Definitions

from The American Heritage® Dictionary of the English Language, 4th Edition

  • n. A homeless person, especially a forsaken or orphaned child.
  • n. An abandoned young animal.
  • n. Something found and unclaimed, as an object cast up by the sea.
  • n. Nautical See waft.

from Wiktionary, Creative Commons Attribution/Share-Alike License

  • n. Goods found of which the owner is not known; originally, such goods as a pursued thief threw away to prevent being apprehended, which belonged to the king unless the owner made pursuit of the felon, took him, and brought him to justice.
  • n. Hence, anything found, or without an owner; that which comes along, as it were, by chance.
  • n. A wanderer; a castaway; a stray; a homeless child.

from the GNU version of the Collaborative International Dictionary of English

  • n. Goods found of which the owner is not known; originally, such goods as a pursued thief threw away to prevent being apprehended, which belonged to the king unless the owner made pursuit of the felon, took him, and brought him to justice.
  • n. Hence, anything found, or without an owner; that which comes along, as it were, by chance.
  • n. A wanderer; a castaway; a stray; a homeless child.

from The Century Dictionary and Cyclopedia

  • n. Anything blown by the wind or drifted in by the ocean; a thing tossed abroad and abandoned; a stray or odd piece or article.
  • n. In law: Goods found of which the owner is not known.
  • n. Such goods as a thief, when pursued, throws away to prevent being apprehended.
  • n. A wanderer; one who is lost; a neglected, homeless wretch: applied also to beasts.
  • n. Same as weft or waft.
  • Vagabond; worthless; ignoble; inferior. Also waff.

from WordNet 3.0 Copyright 2006 by Princeton University. All rights reserved.

  • n. a homeless child especially one forsaken or orphaned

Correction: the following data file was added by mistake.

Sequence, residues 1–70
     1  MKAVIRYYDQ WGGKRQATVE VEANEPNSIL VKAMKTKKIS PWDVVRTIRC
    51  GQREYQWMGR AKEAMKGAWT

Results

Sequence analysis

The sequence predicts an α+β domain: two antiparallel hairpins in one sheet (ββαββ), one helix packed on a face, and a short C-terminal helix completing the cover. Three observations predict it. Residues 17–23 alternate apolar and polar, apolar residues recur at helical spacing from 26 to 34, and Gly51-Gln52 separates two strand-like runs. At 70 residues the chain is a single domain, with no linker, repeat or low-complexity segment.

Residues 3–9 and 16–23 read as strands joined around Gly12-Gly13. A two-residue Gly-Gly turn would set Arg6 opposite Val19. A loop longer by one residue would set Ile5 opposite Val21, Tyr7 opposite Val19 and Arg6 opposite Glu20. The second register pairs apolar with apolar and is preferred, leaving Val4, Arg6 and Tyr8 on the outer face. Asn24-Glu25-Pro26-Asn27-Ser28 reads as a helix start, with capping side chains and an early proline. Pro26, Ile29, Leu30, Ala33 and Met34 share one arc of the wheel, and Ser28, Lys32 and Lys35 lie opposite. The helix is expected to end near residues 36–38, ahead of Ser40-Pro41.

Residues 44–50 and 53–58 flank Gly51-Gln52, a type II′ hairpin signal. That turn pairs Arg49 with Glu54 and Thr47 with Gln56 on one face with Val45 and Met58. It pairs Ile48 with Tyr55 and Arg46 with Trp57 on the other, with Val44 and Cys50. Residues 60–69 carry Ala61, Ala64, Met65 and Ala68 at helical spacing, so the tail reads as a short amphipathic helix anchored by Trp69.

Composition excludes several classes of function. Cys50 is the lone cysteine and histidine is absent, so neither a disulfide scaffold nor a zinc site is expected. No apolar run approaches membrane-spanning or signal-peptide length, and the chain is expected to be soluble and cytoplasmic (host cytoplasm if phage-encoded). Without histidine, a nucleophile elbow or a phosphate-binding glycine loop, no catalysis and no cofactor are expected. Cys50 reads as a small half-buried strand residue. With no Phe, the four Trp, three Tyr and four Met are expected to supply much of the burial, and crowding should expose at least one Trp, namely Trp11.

Etymologies

Middle English, ownerless property, stray animal, from Anglo-Norman, probably of Scandinavian origin; see weip- in Indo-European roots.
Probably of Scandinavian origin; see weip- in Indo-European roots.
(American Heritage® Dictionary of the English Language, Fourth Edition)
From Anglo-Norman, possibly from Old French guaif ("stray beast"), related to Old Norse veif ("movement to and fro"). (Wiktionary)

Examples

  • The word waif has appeared in 19 New York Times articles in the past year, including this week in Monday's editions in "From Boys to Men," by Guy Trebay:

    NYT > Home Page

  • "I hate to use the word waif, but what else can you call all these skinny young hairless guys?"

    NYT > Home Page

  • Learn more about the word "waif" and see usage examples across a range of subjects on the Vocabulary.com dictionary.

    NYT > Home Page

  • I grew an inch taller and broader between the corner of Cedar Street and Mr. Tetlow's house, such was the charm of the clean, green suburb on a cramped waif from the slums.

    The Promised Land

  • Perhaps some of them thought they befriended me for charity's sake, because I was a starved waif from the slums.

    The Promised Land

  • He liked his little protege ever since that unfortunate child -- a waif from a Chinese wash-house -- was impounded by some indignant miners for bringing home a highly imperfect and insufficient washing, and kept as hostage for a more proper return of the garments.

    Under the Redwoods

  • But quick-witted Mrs. Holmes guessed the word had been "waif" -- poor little waif, and she began dimly to comprehend the big-hearted, rough tent-man, who had tried to guard this little foreign maid from the ignorance and evil about her.

    Stage Confidences

  • The waif is a pennoned pole, two or three of which are carried by every boat; and when additional game is at hand, are inserted upright into the floating body of a dead whale, both to mark its place on the sea, and also as token of prior possession, should the boats of any other ship draw near.

    Moby Dick; or the Whale

  • If a waif is a lost wanderer, then little Poosk was a decided waif for he had gone very much astray indeed in the North American backwoods.

    Personal Reminiscences in Book Making and Some Short Stories

  • The waif is a pennoned pole, two or three of which are carried by every boat; and which, when additional game is at hand, are inserted upright into the floating body of a dead whale, both to mark its place on the sea, and also as token of prior possession, should the boats of any other ship draw near.

    Moby Dick: or, the White Whale

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